Advance preparation allows you to develop the expertise, knowledge and details required to build a stronger company today to ensure a successful sale tomorrow. Good luck!


¹Generational Equity has put these conferences on hold during Covid-19 and plans to resume them later in 2022, including in Toronto. Visit their website to learn more:

Would you like to learn more about my selling experience?  Check out this podcast (#012 – July 7, 2020) with Jeffrey Feldberg of Deep Wealth.

The Sell My Business Podcast – Doris Valade on How to Create a Successful Exit (

About Doris Valade

Doris started her own business over 30 years ago, and successfully sold the company in 2017.   She has sat on the boards of Food & Beverage Ontario, the Canadian Meat Council and the Canadian Spice Association. Doris has been included on the list of Profit magazine’s Top 100 Female Entrepreneurs from 1999 – 2005 and again in 2016.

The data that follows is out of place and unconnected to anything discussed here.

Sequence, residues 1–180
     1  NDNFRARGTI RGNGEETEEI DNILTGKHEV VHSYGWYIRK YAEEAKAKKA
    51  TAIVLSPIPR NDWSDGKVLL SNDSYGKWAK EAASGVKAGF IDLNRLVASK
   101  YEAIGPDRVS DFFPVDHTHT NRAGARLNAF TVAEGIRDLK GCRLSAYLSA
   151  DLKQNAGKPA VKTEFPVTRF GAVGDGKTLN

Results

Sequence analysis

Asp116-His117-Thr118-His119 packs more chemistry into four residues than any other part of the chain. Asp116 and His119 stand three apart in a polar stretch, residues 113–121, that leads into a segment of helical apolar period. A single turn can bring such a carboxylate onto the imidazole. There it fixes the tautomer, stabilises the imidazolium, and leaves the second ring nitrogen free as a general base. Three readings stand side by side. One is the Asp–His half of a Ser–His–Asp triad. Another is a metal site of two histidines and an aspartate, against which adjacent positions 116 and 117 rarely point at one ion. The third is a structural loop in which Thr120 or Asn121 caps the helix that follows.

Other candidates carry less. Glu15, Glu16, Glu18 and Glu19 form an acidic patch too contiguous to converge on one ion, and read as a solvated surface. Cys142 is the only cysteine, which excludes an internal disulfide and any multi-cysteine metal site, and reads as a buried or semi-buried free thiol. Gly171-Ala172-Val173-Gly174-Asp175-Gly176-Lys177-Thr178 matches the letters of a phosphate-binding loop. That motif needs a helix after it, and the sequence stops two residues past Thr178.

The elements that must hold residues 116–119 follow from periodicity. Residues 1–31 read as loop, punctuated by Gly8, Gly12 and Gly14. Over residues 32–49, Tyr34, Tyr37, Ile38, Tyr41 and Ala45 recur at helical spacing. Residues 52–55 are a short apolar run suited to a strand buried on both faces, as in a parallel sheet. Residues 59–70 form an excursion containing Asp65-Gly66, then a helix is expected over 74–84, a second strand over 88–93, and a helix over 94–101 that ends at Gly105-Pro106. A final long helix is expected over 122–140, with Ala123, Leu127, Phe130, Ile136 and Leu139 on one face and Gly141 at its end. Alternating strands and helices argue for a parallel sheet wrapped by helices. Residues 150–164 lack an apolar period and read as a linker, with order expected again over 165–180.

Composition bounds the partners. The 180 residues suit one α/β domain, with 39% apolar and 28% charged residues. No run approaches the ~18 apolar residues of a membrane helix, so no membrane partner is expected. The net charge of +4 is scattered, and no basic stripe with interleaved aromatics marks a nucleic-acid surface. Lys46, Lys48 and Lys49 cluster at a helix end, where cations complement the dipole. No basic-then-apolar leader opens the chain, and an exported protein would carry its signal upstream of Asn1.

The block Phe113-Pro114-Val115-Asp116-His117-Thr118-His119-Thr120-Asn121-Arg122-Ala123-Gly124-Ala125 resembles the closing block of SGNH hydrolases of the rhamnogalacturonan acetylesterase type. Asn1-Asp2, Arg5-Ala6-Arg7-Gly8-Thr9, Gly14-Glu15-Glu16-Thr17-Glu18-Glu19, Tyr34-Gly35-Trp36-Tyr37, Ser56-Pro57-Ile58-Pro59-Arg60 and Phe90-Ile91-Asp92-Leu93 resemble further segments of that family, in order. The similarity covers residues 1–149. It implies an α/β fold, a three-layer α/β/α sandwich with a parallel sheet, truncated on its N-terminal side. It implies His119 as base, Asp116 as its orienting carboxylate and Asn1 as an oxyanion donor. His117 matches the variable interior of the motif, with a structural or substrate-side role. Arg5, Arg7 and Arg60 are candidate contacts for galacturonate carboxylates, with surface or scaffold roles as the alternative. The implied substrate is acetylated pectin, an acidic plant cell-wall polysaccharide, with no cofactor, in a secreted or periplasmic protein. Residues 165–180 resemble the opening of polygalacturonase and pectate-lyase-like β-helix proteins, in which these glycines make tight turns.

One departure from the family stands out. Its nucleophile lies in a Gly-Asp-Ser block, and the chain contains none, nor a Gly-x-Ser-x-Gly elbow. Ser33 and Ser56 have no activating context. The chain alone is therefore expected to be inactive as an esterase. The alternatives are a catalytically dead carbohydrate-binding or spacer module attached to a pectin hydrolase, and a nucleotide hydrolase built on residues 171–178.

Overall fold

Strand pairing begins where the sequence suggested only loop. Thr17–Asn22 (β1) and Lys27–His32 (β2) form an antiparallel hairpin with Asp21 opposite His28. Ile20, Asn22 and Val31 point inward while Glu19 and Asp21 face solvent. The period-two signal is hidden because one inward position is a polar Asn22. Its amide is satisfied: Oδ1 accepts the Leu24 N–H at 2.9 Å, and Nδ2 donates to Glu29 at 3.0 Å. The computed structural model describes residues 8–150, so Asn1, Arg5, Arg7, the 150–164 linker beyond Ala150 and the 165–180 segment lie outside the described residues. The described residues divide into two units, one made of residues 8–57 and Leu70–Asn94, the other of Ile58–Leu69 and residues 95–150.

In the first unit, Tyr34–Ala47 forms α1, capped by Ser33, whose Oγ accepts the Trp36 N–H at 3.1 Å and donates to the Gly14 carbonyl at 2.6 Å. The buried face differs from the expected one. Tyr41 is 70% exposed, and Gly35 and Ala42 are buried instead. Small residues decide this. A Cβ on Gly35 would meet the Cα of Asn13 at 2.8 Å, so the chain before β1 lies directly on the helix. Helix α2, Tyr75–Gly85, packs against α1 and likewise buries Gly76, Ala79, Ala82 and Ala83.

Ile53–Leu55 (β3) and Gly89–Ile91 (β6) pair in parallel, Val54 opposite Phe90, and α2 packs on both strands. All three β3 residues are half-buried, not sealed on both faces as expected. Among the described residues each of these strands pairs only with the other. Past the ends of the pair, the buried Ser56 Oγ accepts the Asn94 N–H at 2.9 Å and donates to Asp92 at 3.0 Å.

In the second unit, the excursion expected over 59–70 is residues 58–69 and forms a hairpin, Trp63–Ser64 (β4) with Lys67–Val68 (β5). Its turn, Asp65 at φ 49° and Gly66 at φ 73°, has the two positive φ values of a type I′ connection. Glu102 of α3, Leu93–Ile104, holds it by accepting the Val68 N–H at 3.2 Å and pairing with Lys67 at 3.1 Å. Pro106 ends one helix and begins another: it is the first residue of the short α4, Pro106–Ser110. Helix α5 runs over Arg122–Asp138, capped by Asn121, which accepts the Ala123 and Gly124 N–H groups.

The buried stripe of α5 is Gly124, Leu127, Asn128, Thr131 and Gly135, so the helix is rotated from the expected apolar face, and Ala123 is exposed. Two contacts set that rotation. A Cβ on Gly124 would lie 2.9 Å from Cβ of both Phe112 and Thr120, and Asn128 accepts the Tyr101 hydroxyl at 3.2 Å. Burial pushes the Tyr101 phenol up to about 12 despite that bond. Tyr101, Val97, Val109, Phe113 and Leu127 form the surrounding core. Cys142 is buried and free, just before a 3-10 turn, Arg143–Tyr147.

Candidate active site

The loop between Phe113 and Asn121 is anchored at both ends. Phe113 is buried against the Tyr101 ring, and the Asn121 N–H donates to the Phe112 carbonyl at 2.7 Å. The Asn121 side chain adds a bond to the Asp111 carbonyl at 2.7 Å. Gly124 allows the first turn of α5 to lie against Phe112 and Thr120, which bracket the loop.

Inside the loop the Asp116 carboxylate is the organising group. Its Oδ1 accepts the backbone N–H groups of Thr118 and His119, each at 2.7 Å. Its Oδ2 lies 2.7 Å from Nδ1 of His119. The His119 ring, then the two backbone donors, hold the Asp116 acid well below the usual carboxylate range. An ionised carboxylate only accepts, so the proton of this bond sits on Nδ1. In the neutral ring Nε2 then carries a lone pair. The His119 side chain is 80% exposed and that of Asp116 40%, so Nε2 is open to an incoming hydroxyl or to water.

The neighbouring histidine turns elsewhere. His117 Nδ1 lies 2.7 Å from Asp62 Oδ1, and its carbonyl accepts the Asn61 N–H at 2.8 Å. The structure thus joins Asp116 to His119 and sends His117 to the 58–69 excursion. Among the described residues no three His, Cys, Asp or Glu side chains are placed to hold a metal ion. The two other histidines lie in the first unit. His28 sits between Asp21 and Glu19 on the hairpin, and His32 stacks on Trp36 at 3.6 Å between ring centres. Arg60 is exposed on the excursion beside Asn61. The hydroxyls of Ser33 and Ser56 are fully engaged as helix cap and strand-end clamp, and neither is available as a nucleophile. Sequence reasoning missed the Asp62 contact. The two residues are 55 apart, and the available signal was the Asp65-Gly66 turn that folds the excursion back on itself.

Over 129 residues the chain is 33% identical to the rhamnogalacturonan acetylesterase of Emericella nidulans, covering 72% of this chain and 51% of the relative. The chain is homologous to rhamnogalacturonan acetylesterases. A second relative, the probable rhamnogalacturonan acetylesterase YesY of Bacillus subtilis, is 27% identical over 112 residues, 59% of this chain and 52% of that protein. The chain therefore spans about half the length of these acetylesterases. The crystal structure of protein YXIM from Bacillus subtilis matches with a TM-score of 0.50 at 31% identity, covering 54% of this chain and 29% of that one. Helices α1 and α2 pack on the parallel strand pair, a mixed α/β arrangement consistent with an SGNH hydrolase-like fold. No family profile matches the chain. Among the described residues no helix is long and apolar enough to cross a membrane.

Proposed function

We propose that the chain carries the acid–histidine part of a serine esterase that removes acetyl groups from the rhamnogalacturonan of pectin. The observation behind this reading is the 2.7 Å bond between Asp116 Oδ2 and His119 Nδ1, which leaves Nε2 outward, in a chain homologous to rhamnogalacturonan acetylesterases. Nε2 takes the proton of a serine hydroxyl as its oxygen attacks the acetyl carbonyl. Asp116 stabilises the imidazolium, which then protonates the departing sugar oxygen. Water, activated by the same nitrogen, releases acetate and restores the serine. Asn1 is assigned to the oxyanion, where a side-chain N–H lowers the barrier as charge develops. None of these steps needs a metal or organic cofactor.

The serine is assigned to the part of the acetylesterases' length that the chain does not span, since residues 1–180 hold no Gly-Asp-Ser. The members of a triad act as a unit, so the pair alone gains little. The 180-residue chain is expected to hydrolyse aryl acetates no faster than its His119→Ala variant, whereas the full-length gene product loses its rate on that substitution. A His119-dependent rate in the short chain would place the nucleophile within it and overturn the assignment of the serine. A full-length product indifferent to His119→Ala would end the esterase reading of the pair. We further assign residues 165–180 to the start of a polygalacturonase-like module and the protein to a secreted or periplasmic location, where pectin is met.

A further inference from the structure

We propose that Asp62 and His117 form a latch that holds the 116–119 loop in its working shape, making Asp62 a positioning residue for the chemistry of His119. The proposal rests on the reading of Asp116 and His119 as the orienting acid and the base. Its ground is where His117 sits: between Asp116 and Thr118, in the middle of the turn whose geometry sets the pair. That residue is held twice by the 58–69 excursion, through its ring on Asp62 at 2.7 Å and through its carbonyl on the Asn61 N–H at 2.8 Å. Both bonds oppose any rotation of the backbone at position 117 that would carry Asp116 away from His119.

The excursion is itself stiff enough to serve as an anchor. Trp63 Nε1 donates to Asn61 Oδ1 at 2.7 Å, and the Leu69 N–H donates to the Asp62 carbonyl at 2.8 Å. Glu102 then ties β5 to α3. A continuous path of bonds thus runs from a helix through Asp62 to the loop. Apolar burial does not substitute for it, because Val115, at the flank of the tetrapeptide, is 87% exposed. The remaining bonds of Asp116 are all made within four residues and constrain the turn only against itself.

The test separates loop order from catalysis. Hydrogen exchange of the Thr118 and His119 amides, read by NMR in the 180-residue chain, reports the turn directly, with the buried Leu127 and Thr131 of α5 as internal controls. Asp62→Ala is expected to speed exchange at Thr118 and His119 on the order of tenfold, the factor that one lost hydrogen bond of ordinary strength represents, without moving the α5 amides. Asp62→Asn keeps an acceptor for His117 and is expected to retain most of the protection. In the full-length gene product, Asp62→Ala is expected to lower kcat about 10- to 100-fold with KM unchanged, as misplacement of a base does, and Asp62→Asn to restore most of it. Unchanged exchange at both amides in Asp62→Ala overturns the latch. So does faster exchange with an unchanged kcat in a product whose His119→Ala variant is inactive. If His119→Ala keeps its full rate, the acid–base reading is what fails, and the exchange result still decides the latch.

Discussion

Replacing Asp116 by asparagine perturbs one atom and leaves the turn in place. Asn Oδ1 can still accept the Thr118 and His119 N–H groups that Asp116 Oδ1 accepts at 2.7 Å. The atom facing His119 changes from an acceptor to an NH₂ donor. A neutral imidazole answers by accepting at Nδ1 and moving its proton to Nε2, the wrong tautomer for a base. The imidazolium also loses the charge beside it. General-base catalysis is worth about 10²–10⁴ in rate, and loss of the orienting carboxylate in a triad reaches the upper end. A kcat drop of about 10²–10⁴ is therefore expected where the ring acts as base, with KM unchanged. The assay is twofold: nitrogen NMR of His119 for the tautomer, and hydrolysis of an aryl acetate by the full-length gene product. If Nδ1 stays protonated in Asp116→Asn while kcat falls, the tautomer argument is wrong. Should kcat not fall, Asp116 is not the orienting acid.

Today, Doris keeps busy as a business and leadership coach, as she mentors and supports business owners and entrepreneurs through the challenges of running their business. You can request a free (no obligation) phone call and conversation with Doris by sending her an email request: